A Difficult Place to Be a Widow in Nigeria

Marriage in Nigeria is celebrated amid pomp and extravagance.   The cost of hosting a marriage for some people can be scary, yet the joy of getting married supersedes its expense and stress.  However, in some parts of eastern Nigeria, when a woman loses her spouse, things turn out worse for her.  These women are subjected to barbaric and dehumanizing customs that often leaves them depressed and shattered for life.

A Difficult Place to Be a Widow in Nigeria

Often, some relatives blame the woman for the death of her husband. After burial, the trial and tribulation begin for these unfortunate women.  For some families, they strip these women of their properties and money, leaving them to the mercy of God.

This barbaric custom is accepted as normal and seen as a justifiable act to carry out.  We have heard of women who were forced to drink water used to wash their late husband’s bodies, as proof of their innocence.

Other acts include shaving of the head, pubic and armpit hair with a razor blade by older widows called the “umuada”. These women are forced not to speak out unless they want to cry, while sleeping with the corpse as a symbolic last sexual act with dead spouse is still carried out.

The traditional mourning period for these widows leave them wondering if God exists. Local custom laws are strictly used to dispossess every hard earned money and property from them.  You might be wondering what the law of the country say about this act.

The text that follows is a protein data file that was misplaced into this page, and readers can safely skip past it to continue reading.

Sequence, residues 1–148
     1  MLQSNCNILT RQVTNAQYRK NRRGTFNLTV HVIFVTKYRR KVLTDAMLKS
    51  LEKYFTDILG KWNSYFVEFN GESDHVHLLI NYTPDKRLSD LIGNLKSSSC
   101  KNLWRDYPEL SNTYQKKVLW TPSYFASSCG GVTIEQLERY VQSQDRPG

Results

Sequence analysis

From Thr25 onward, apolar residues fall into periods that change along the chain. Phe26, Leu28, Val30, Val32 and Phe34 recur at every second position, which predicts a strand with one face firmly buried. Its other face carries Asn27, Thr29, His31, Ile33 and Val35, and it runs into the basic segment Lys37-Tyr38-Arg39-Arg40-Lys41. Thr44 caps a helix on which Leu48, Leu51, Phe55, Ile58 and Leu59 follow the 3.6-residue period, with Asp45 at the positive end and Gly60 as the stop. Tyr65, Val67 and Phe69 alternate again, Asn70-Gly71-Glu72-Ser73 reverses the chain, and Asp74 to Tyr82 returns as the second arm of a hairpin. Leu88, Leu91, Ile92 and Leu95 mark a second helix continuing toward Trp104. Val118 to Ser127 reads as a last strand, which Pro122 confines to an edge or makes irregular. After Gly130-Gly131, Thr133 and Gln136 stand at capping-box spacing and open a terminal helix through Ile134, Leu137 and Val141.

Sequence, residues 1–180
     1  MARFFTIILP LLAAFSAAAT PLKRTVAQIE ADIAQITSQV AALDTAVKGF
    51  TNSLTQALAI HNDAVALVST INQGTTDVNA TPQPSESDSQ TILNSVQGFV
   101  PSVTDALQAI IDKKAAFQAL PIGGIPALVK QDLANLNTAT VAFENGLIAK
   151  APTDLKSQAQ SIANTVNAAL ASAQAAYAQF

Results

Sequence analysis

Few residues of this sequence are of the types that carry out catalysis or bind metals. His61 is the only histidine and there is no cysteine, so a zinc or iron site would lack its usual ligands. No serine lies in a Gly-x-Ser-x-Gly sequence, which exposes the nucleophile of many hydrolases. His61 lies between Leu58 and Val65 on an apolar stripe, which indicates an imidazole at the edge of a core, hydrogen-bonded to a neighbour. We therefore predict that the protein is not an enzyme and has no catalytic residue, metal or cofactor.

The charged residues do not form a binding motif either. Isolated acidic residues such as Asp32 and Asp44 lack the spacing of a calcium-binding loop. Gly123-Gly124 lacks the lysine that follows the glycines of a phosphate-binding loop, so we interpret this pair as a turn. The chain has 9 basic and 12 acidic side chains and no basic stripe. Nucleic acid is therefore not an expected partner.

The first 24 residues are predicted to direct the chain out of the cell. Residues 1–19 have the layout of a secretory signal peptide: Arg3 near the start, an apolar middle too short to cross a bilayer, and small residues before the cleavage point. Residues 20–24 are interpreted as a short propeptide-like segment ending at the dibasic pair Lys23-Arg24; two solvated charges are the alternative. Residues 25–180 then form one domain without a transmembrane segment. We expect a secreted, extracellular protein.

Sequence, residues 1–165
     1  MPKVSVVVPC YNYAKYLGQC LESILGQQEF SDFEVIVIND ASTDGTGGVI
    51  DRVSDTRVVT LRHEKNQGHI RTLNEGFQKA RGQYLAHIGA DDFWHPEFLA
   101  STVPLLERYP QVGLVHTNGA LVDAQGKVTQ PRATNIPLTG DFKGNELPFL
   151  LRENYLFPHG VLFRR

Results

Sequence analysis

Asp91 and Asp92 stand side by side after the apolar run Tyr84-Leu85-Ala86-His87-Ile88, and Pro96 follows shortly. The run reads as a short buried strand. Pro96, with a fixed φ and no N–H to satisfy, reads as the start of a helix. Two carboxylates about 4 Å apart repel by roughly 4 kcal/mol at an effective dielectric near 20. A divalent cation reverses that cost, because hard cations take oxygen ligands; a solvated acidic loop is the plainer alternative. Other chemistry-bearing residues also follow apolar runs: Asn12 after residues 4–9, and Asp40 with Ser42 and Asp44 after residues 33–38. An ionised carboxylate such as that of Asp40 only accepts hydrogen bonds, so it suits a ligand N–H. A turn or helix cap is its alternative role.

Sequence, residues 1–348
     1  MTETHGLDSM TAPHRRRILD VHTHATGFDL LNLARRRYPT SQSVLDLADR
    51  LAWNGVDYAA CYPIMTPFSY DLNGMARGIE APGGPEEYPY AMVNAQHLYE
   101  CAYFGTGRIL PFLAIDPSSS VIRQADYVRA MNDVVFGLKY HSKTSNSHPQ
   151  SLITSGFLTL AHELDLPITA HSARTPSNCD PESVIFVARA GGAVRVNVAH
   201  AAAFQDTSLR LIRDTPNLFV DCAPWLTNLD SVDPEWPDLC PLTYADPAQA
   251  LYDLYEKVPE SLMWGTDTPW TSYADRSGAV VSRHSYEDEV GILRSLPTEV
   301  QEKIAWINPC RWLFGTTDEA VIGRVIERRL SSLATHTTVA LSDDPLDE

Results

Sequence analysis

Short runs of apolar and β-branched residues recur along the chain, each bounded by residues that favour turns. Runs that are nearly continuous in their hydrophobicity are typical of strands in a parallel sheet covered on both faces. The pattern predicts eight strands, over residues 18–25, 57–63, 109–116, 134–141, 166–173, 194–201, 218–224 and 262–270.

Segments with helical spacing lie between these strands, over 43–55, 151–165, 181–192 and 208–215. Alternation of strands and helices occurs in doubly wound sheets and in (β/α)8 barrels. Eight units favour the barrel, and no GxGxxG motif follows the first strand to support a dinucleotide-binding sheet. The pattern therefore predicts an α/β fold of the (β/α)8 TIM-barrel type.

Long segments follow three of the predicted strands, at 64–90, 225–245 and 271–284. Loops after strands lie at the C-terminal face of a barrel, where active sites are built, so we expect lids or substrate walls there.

The Nigerian law has abolished this act, but the local law is yet to obey the supremacy of this law over them. Widowhood in some parts of the eastern Nigeria is based on intimidating, humiliating, and subduing women to enforce obedience, and render them perpetually subservient.

In the Nigeria’s constitution, it emphasizes equal rights for everyone, especially the women, but inequality has become a long-standing tradition for the men. However, most women are smarter to allow strangers and extended families stop them from living freely after the death of their spouses.

Most people have resort to using testate in fighting for their rights.  We have seen families push extended families to oblivion when they build their futures. They do not allow others to know what they own and use law to back up their properties.

Under Igbo Customary Law, the male child is king.  This has led many men to marry second wives or have concubines in a quest to have a male child.  The male child inherits the family’s property and wealth, leaving the female child to fend for herself or get married.

This custom has rubbed off on the widowhood in this part of the world.  Widows have more to contend with, if they have no male child.   Today, majority of the younger married women with the help of the some good men have taken active steps to weaken these barbaric customs.

However, if any of these women is caught in the web of this custom, only God can save the person from suffering untold hardship.